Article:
Began with a 5-hour drive from San Jose to Tuolumne Wilderness Office in Yosemite. Arrived around 2pm ready to hike and summit 6 peaks in 6 days. No realizing some “inclement weather” was upon me, I received my physical permit (required to carry when backpacking) and promptly deep-sixed all my plans! Thunderstorms, along with lightning, flash flood warnings and tremendous amounts of rain were forecasted over the next three days. Great! (Oh, and the forecast was right!).
The Ranger suggest I not go in my targeted area since non of it was protected. In fact, Mt. Lyell and Mt. Maclure might not be accessible due to the rivers rising.
I waited in my car while awaiting the leaving of the torrential rain. Finally, at 3pm, it stopped, and I began the journey. Instead of heading down Lyell Canyon….
Towards the beginning of Lyell Creek
… I went via Rafferty Creek. What a GREAT trail with a gradual climb to 10,000 feet.
One of the great scenes on Rafferty Creek
Ended up at one of the six High Sierra Camps called Vogelsang where I stayed in the spacious backpackers camp. With Fletcher Peak with Fletcher Lake as the backdrop, this is where I stayed for two nights (due to the powerful Thunderstorms).
Fletcher Peak with the Lake
On the zero day, I decide to squeeze in a summit Vogelsang Peak. Having not been prepared for this, I noticed a trail on the map. I can assure you, there was no trail! Just pure boulders and straight up. Noticing the clouds gathering, I tried to hurry up the best I could.
One of the lakes on the way to Vogelsang Peak
Heading to Vogelsang Summit
Bouldering up and navigating gravel on a steep terrain was a challenge. Many times I decided to stop and return… but, for some reason, kept going… I couldn’t believe I made it to the false summit with less than one mile to go.
Top of the false summit, looking at the peak
False summit with less than a mile to the top
Ran into two people who were coming down from the top-cute couple. They encouraged me to finish which, navigating through the bushes, I did.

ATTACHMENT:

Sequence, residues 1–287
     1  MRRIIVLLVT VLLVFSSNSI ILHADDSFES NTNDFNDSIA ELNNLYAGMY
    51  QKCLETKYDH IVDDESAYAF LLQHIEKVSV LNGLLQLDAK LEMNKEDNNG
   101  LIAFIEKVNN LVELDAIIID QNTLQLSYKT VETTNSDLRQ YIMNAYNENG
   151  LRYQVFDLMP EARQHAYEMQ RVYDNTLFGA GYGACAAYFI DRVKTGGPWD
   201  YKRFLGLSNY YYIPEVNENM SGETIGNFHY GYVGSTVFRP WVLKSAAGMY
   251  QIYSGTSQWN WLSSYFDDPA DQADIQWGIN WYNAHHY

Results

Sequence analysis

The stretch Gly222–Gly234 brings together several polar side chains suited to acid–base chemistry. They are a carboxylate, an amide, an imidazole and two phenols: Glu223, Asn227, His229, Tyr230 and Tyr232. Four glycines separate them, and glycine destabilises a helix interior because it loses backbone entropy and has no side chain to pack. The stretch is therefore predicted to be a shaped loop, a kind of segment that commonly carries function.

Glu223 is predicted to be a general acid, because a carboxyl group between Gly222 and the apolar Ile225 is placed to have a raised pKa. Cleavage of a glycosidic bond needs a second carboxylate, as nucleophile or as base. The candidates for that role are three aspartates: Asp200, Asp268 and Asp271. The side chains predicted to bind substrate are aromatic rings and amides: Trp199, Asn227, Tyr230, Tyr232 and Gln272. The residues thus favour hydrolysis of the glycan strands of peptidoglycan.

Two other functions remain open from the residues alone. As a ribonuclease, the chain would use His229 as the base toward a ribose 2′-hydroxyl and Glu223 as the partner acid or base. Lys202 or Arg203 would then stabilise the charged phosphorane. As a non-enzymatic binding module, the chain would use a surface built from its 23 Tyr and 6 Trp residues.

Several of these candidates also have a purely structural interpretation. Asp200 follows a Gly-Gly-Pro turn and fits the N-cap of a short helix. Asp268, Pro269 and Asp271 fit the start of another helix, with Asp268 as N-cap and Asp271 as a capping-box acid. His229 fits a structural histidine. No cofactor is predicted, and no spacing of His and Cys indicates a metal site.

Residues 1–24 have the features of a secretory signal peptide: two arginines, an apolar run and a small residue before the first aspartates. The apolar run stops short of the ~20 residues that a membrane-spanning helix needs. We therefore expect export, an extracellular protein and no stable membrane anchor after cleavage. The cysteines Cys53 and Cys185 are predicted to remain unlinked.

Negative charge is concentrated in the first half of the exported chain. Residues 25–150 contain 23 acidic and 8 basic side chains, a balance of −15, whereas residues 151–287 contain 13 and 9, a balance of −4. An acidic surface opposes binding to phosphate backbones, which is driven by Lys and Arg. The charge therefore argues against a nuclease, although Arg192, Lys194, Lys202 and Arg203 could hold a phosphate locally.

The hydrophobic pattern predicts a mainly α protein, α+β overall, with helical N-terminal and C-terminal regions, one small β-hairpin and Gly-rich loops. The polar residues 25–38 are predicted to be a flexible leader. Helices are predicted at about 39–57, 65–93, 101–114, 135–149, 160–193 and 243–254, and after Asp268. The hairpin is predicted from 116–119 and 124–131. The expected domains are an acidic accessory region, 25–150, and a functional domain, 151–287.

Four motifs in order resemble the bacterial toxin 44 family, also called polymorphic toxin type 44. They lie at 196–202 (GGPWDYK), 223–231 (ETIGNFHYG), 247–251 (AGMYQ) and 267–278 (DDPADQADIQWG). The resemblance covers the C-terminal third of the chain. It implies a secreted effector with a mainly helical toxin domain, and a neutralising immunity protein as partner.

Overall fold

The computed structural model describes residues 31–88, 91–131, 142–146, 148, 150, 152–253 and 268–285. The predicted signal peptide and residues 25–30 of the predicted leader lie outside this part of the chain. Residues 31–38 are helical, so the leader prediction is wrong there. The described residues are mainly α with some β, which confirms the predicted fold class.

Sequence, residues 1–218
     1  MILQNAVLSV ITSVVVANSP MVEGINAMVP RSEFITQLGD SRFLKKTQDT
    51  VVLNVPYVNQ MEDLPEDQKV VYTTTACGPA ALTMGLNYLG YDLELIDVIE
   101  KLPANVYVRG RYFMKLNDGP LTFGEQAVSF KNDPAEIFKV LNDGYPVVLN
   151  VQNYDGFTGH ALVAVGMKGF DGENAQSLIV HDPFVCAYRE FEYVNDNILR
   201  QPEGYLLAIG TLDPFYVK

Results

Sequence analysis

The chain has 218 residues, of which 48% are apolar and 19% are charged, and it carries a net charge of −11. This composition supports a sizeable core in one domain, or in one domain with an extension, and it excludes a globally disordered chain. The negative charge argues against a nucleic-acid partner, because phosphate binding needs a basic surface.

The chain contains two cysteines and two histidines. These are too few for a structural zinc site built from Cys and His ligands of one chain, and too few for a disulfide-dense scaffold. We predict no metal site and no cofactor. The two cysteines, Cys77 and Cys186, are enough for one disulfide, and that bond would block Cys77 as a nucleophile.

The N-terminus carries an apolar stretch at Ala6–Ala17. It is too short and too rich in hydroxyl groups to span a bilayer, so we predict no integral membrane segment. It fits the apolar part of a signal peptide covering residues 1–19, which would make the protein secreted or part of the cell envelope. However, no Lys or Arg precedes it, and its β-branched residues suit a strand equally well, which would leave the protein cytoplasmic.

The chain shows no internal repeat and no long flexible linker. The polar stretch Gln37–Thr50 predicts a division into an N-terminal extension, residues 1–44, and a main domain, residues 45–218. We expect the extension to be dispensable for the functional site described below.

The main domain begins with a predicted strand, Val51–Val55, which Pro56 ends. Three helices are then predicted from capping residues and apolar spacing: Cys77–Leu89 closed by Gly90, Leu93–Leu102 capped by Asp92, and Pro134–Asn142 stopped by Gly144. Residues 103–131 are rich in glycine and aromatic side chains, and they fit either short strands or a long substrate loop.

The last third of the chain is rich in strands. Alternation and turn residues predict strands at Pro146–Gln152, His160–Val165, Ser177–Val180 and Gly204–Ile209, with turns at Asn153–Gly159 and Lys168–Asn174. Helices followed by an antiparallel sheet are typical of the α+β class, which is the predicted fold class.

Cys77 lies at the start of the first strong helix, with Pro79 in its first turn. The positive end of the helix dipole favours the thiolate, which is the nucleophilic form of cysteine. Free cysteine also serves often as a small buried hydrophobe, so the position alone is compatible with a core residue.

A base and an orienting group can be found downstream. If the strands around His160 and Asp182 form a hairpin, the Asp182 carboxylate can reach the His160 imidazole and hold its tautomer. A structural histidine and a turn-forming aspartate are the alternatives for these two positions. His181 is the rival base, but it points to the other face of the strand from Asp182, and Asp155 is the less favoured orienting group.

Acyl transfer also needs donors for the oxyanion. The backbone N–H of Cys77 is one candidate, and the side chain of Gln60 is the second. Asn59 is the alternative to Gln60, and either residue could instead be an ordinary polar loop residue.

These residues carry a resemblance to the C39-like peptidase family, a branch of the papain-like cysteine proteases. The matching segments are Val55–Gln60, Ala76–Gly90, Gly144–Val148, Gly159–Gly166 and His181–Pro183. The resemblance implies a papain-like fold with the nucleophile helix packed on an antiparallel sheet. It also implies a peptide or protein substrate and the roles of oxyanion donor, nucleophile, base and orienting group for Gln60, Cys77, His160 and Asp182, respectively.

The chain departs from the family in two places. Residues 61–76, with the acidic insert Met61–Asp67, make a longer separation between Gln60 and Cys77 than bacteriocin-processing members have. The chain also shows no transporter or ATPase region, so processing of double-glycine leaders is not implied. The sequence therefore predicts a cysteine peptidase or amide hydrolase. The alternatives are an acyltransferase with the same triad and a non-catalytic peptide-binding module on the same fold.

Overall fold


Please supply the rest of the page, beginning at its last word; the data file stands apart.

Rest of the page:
Vogelsang Peak. The green is large plants with boulders in-between.
Having made it to the stop, grabbed a snack and took some pictures, it began to rain. There is no place like the top of an 11,498’ peak when a thunderstorm breaks out overhead. Needless to say, I sped down the 1400’ as quickly as I could. Having arrived around 2pm, it pretty much rained until the next day, with hours of thunder and lightning.
I decided the following morning to get up early and take the 9 mile hike down from 10,100’ elevation to 7150’. The High Sierra Camp (all HSC’s are closed in 2021) called Merced Lake. Off I went around 8:30am. The views along the way were tremendous.
Heading towards Merced Lake
Emeric Lake is hiding behind the hill!
The flow of water was amazing
I finally made it to Merced Lake, deciding to pass the lake and camp on the opposite side of the high sierra camp. With plenty of water, shelter from any storms, it was time to relax and enjoy.
6:53am Sunrise on Merced Lake
After breakfast and packing up, I let Duckie Jones know it was time to be off on our next adventure. Since this was a completely unscripted adventure, we had three choices: Head towards Clouds Rest and camp there; head towards Cathedral Lake or head towards Sunrise, High Sierra Camp. In the end, I decided to go to Sunrise, which is at 9,350’. Pretty much, this would be an uphill day with a 9+ mile hike.
Duckie Jones Goofing Off
With many incredible views along the way…
More Wonderful Views
Finally made it to Sunrise. One hiker gave me a tip of a camping spot up top with incredible views. What a great tip!
View of Cathedral Peak and Echo Range
View from my camping area
View from Sunrise
The following day I headed towards Cathedral Peak. Wanted to summit the peak but did not have instructions or downloaded maps… On the way, the views were amazing.
Cathedral Peak from Cathedral Lake
I saw one unnamed lake off trail near the base of Cathedral. Venturing off, I found it. And what an incredible find it was! My own unnamed lake!
Unnamed Lake at the base of Cathedral Peak
Turns out, it was a perfect place to rest, eat, take my day pack out and begin the climb to the peak. I only made it up to about 9700’. Turns out this was probably a class 4. One day, I’ll return and summit it – but probably from the other side!
View from the unsuccessful peak climb
Taking a rest on the ledge. Yes, that is straight down. Yes, I believe I slept.
View of the unnamed lake from the climb
The bowl from where the lake sits with the peak in view. On the righthand side is the class 4, heading up on the ridge.
Since I was so close to the car (about 6 miles), and didn’t have another destination in mind, I decided to hike out. What an adventure!